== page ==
For this reason, the time histories of the total horizontal forces were calculated using the measured forces in the two horizontal links and the total vertical forces were calculated by adding the vertical forces recorded in each connection. These time-histories are plotted in Figure 6 for three unbroken solitary waves and three bores of different heights. It must be noted that the origin (t = 0) of all the time series presented in the manuscript is the moment that the wave-maker starts moving, which explains why waves of different heights (and celerity) arrive and impact the bridge at a different instant. Examination of this figure reveals that for most waves the horizontal force exhibits four major peaks, which is equal to the number of the girders under the bridge deck. This indicates that the number of girders has an effect on the horizontal force histories. Regarding the vertical force histories, all tested waves introduced significant uplift forces (positive values in the graphs) as the wave hits the deck, followed by a significant and longer duration downward force (negative values). For most of the tested wave heights the deck witnessed a distinct short-duration impulsive uplift force (also called “slamming force” in other research studies) at the time of the initial impact of the wave on the deck, followed by a longer duration (slowly varying) uplift force as the chambers of the bridge started getting flooded.
With respect to the horizontal force, the patterns were totally different for bores and unbroken solitary waves, with the bores always introducing a significant short-duration impulsive force followed by a significantly reduced in magnitude long duration lateral force. This behavior was not observed for solitary waves, which introduced several longer duration peaks with significant magnitudes during the whole inundation process. Another main difference between the two types of waves is the fact that for bores the total horizontal force was always maximized at the time of the initial impact, while for solitary waves the largest lateral force occurred either when all chambers were flooded or at the initial impact, depending on the wave height. Last but not least, all bores introduced horizontal forces larger than the vertical ones, while for the solitary waves the opposite was true. All these differences indicate that the physics describing the impact and overtopping mechanism as well as the tsunami loading on the deck are different for the two wave types, suggesting the need for the development of methodologies that will predict the tsunami-induced effects as a function of the wave type. Subsequently, this means that it is highly important to be able to identify the wave type to which a bridge at a specific location will be subjected, in order to accurately estimate the effects on the structure.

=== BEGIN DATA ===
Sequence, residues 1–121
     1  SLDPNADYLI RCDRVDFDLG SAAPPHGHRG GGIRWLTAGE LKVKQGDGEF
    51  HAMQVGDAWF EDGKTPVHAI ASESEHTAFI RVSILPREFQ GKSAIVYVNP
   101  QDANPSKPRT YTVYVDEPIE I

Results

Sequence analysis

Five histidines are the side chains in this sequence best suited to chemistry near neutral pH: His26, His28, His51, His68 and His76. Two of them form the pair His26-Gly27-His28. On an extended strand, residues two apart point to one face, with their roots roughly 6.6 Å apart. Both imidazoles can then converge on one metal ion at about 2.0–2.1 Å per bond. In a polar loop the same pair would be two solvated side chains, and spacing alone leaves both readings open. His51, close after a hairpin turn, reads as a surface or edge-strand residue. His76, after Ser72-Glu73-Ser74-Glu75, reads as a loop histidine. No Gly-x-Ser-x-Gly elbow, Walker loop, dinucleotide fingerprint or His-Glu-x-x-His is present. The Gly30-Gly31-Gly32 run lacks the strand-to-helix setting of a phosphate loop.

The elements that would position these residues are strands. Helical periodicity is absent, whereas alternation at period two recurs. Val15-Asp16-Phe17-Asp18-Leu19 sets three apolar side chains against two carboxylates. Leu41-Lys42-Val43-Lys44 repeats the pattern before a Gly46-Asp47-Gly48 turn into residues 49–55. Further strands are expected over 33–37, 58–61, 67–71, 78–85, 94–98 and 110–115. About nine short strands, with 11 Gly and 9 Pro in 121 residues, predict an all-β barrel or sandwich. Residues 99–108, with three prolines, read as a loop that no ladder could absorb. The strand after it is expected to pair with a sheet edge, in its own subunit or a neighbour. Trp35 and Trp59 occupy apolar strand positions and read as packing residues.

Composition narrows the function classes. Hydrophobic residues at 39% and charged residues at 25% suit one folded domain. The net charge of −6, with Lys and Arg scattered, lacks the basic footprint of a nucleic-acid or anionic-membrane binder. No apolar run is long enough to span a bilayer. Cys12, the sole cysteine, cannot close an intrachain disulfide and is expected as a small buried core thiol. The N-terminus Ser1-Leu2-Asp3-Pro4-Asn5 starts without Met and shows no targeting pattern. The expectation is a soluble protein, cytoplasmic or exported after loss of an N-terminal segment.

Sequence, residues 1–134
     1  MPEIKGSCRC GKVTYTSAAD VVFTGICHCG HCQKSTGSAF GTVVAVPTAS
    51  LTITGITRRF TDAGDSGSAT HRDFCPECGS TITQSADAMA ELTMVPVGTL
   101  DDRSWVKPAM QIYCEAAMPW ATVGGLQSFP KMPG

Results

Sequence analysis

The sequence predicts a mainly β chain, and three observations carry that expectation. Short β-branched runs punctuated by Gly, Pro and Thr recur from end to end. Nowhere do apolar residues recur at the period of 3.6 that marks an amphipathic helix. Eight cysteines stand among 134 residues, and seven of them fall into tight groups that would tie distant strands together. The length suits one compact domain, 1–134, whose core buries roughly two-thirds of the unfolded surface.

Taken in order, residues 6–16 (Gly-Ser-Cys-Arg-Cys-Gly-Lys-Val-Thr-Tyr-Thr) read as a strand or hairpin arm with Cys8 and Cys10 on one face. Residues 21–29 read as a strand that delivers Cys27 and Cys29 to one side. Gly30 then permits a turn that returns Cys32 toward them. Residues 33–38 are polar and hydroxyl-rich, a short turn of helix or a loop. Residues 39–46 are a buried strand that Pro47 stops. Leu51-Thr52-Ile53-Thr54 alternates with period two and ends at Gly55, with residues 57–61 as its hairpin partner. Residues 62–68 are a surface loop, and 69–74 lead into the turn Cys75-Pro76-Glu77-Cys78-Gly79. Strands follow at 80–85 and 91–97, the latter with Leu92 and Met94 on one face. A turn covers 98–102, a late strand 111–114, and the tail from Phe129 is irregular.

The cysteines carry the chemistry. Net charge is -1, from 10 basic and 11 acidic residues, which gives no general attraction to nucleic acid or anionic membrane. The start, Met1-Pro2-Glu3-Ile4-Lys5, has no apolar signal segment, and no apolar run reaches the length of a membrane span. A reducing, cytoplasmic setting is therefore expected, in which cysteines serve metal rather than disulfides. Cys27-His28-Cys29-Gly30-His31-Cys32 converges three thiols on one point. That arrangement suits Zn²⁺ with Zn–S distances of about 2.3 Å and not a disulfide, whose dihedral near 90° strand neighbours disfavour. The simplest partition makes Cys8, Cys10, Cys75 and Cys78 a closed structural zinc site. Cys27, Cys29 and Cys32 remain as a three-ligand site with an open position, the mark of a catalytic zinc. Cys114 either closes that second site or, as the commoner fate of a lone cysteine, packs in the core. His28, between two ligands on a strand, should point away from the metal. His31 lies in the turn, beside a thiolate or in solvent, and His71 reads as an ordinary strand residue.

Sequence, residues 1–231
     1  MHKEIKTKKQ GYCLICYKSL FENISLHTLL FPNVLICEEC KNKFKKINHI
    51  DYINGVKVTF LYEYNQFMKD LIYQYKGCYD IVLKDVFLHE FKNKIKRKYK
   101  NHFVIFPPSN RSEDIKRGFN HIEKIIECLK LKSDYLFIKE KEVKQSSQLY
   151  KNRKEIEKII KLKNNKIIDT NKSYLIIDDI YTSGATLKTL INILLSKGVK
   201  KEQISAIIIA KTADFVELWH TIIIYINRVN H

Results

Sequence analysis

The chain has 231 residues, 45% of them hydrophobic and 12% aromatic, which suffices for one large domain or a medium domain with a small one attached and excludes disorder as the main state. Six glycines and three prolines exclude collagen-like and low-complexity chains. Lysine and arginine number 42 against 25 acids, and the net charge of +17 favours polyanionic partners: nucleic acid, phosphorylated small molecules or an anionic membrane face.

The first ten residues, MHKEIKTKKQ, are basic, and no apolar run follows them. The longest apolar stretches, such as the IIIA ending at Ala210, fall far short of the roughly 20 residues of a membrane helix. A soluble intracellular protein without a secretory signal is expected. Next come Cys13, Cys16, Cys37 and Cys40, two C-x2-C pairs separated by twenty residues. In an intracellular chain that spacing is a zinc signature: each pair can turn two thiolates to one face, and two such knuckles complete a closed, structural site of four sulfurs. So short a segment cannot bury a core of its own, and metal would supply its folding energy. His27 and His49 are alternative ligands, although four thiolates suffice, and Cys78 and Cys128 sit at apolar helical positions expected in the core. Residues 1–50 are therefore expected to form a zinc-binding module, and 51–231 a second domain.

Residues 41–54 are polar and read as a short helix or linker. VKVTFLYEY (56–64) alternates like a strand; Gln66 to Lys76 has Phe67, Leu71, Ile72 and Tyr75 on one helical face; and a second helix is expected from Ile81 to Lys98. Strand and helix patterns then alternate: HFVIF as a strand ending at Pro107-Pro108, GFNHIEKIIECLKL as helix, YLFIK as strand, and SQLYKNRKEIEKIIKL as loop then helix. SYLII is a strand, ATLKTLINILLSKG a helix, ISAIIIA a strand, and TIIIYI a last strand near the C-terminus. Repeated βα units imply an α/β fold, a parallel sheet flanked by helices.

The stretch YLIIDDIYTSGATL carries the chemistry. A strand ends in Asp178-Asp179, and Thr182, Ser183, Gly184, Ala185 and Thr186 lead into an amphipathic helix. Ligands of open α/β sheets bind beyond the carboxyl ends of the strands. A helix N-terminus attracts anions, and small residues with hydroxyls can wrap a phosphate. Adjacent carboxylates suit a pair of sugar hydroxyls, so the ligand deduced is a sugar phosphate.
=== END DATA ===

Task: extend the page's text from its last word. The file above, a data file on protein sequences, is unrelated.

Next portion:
Another interesting finding that emanates directly from Figure 6 is related to the assumption made in previous studies that the maximum of the horizontal (maxFh) and vertical (maxFv) force coincide in time. Clearly as shown in the figure, this was true for some wave heights but not all. In the cases that the maximum of the two forces did coincide, it happened either at the beginning of the inundation phase (e.g., H = 0.42 m and H = 1.10 m) or later on as the bridge inundation progressed (e.g., H = 0.70 m). For most bores, the two maxima occurred at different time instants with maxFh occurring at the beginning of the inundation and maxFv occurring later on as the chambers get flooded (e.g., H = 1.40 m)
The facts that (a) the horizontal and vertical forces do not always have maximum values at the same instant, and (b) even in the wave cases where the maxima do coincide, this does not take place at the same point of the inundation process (e.g., at the initial impact of the wave on the offshore girder or at a later stage of the inundation), demonstrate the transient nature of the tsunami overtopping mechanism and its complexity, which makes it challenging to estimate exactly the tsunami effects on bridge decks. Moreover, it is noteworthy that for several wave cases where the forces in the two directions did not reach their maximum value concurrently it was observed that at the instant of the maximization of the force in one direction the force in the other direction was significantly reduced relative to its maximum value. For example, for the largest bore with H = 1.40 m at the instant of maxFh the uplift force was 75% of the maximum uplift, while at the instant of maxFv the horizontal force was 60% of maxFh. This means that making the assumption of concurrent maximum forces in the two directions might not be very accurate for several wave cases, a fact that would suggest the need for developing sophisticated methodologies, which will be able to estimate the maximum force in one direction together with the corresponding force in the other direction ultimately leading to a more economical design of tsunami resilient bridges.

3.2. Vertical Forces in Bearings